Mechanical stresses on the solder bump are a source of structural which can substantially impair device reliability. That is, when the chip heats up during use, both the chip and the PCB expand in size. Conversely, when the chip cools during an idle state, both the chip and the PCB substrate contract in size. The chip and the PCB substrate have mismatched coefficients of thermal expansion, and therefore expand and contract at different rates, thus placing mechanical stress on the intervening solder bump. FIG. 3 illustrates a number of examples in which stresses have caused fissures to be formed in the solder bumps. In this figure, reference number 2 denotes a chip pad, reference number 5 denotes the solder bump, reference number 8 denotes the PCB pad, and reference number 10 denotes a crack or fissure. The larger the crack, the more the interconnection becomes impaired, and device failures can occur when cracks propagate completely through the solder bump structure.

SUMMARY OF THE INVENTION

According to a first aspect of the present invention, a method for manufacturing a solder bump is provided, which includes forming at least one metal protrusion extending upwardly over a contact pad, and embedding the at least one metal protrusion in a solder material.

According to another aspect of the present invention, a method for manufacturing a solder bump is provided, which includes depositing an intermediate layer over a contact pad, forming a photoresist over a surface of the intermediate layer, patterning the photoresist to define at least one opening which partially exposes the surface of the intermediate layer, filling the at least one opening of the photoresist with a metal, removing the photoresist to expose the metal, wherein the metal forms at least one metal protrusion extending upwardly from the surface of the intermediate layer, and embedding the at least one metal protrusion in a solder material formed over the intermediate layer.

According to yet another aspect of the present invention, a method for manufacturing a solder bump is provided, with includes depositing an intermediate layer over a contact pad, forming a photoresist over a surface of the intermediate layer, patterning the photoresist to define at least one opening which partially exposes the surface of the intermediate layer, filling the at least one opening of the photoresist with a metal to a first depth, filling the at least one opening of the photoresist with a solder material to a second depth such that the solder material is stacked on the metal within each of the at least one opening, removing the photoresist to expose the metal and the first solder material, wherein the metal and first solder material form at least one protrusion extending upwardly from the surface of the intermediate layer, and reflowing the solder material to form a solder bump having the metal embedded therein.

According to still another aspect of the present invention, a method for manufacturing a solder bump is provided, which includes depositing an intermediate layer over a contact pad, forming a photoresist over a surface of the intermediate layer, patterning the photoresist to expose a solder bump region over the surface of the intermediate layer, growing at least one metal dendrite having a plurality of branches which project upwardly in the solder bump region from the surface of the intermediate layer, filling the solder bump region with a solder material so as to embed the at least one metal dendrite within the solder material, and removing the photoresist.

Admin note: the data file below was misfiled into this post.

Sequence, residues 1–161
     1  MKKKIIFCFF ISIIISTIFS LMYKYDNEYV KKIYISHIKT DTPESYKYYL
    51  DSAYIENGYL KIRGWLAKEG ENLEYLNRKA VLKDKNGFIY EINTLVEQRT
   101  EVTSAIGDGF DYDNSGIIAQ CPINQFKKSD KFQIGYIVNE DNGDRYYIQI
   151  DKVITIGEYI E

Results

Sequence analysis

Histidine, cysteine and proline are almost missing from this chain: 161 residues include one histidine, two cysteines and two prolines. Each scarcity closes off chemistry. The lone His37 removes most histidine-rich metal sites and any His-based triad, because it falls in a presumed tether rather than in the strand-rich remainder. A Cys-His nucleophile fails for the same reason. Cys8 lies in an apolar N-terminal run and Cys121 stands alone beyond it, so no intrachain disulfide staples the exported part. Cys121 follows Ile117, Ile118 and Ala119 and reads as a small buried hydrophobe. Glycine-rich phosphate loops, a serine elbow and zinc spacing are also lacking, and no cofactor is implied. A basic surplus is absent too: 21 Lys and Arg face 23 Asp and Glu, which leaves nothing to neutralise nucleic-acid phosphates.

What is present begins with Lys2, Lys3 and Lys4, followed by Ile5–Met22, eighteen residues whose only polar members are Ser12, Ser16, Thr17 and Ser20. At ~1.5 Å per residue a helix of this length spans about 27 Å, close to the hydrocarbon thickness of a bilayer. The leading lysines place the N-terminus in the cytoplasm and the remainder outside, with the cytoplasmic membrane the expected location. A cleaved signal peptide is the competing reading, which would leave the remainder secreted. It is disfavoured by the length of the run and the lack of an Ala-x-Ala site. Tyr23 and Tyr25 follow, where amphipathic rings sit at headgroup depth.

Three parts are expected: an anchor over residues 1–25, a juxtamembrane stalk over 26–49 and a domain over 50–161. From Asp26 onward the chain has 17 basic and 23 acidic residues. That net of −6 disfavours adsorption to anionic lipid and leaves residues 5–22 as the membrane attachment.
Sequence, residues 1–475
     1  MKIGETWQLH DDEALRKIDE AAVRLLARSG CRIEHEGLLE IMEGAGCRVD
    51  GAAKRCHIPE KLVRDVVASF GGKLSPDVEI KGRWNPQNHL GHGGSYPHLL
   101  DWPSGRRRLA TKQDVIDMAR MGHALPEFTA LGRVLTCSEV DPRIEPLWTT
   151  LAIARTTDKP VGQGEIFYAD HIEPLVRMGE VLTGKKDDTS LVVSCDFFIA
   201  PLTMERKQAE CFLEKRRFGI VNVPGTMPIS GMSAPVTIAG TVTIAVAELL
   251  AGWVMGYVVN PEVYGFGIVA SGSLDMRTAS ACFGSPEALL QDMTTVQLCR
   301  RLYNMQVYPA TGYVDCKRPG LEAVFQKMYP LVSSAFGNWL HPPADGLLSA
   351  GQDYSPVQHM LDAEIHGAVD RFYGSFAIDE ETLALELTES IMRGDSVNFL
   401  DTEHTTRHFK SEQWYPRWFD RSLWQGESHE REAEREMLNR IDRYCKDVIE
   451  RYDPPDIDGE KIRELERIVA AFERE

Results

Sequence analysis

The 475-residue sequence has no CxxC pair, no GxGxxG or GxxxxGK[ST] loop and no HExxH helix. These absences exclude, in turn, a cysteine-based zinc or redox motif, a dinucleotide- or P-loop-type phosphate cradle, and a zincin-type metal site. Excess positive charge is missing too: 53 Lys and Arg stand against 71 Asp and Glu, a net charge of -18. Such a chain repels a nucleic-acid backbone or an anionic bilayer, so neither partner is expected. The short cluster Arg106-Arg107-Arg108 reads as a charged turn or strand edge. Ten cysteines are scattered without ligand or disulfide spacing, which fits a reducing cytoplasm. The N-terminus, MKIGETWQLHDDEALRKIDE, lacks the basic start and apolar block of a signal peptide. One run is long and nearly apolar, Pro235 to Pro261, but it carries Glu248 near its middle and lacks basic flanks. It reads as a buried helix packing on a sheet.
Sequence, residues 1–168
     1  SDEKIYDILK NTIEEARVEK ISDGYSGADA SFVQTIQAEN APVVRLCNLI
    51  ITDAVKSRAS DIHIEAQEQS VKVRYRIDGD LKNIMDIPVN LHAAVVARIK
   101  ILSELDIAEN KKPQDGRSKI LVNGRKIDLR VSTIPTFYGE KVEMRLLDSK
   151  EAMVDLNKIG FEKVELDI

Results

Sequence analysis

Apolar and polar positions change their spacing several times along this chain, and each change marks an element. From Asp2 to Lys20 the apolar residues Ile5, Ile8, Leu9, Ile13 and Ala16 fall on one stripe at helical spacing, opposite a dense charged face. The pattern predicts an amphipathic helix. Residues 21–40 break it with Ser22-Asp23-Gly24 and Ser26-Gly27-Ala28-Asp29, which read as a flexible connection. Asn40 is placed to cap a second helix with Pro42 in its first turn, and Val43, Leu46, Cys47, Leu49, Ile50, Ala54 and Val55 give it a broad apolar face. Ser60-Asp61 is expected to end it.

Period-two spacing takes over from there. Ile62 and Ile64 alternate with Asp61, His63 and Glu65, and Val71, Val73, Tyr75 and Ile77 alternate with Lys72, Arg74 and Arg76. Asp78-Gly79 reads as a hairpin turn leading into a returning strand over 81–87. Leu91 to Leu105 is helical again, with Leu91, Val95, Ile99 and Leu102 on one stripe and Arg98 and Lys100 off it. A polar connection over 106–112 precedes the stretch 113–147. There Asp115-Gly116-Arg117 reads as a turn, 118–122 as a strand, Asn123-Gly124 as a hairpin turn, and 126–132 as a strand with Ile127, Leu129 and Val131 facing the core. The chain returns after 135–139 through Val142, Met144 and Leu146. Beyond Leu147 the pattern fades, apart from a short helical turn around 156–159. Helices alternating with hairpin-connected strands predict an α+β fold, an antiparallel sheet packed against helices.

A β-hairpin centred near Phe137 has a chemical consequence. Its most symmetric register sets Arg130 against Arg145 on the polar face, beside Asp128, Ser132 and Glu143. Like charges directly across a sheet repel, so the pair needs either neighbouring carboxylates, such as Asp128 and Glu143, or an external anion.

According to another aspect of the present invention, a solder bump structure is provided, which includes a contact pad, an intermediate layer located over the contact pad, a solder bump located over the intermediate layer, and at least one metal projection extending upwardly from a surface of the intermediate layer and embedded within the solder bump.

BRIEF DESCRIPTION OF THE DRAWINGS

The aspect and advantages of the present invention will become readily apparent from the detailed description that follows, with reference to the accompanying drawings, in which:

FIG. 1 illustrates a conventional flip-chip structure prior to mounting on a printed circuit board substrate;

FIG. 2 illustrates a conventional flip-chip structure after mounting on a printed circuit board substrate;

FIG. 3 contains photographs of conventional structures in which fissures have developed within the solder bumps thereof;

FIG. 4(a) is a cross-sectional view of a solder bump structure according to an embodiment of the present invention;

FIG. 4(b) a cross-sectional view along the line I-I′ of FIG. 4 a;

FIGS. 5(a) through 5(i) are cross-sectional views for use in describing a process for manufacturing a solder bump structure according to a preferred embodiment of the present invention;

FIGS. 6(a) through 6(g) are cross-sectional views for use in describing a process for manufacturing a solder bump structure according to another embodiment of the present invention;

FIG. 7(a) is a cross-sectional view of a solder bump structure according to another embodiment of the present invention;

FIG. 7(b) is a cross-sectional view along the line II-II′ of FIG. 7 a; and

FIGS. 8(a) and 8(b) are cross-sectional views of solder bump structure having dendrite configuration embedded therein.

DETAILED DESCRIPTION OF THE PREFERRED EMBODIMENTS

The present invention is at least partially characterized by the inclusion of one or more metal projections within the solder bump material to form an obstacle which impedes the propagation of a crack within the solder bump material. While the metal projections can take any number of forms, the invention will be described below with reference to several preferred embodiments.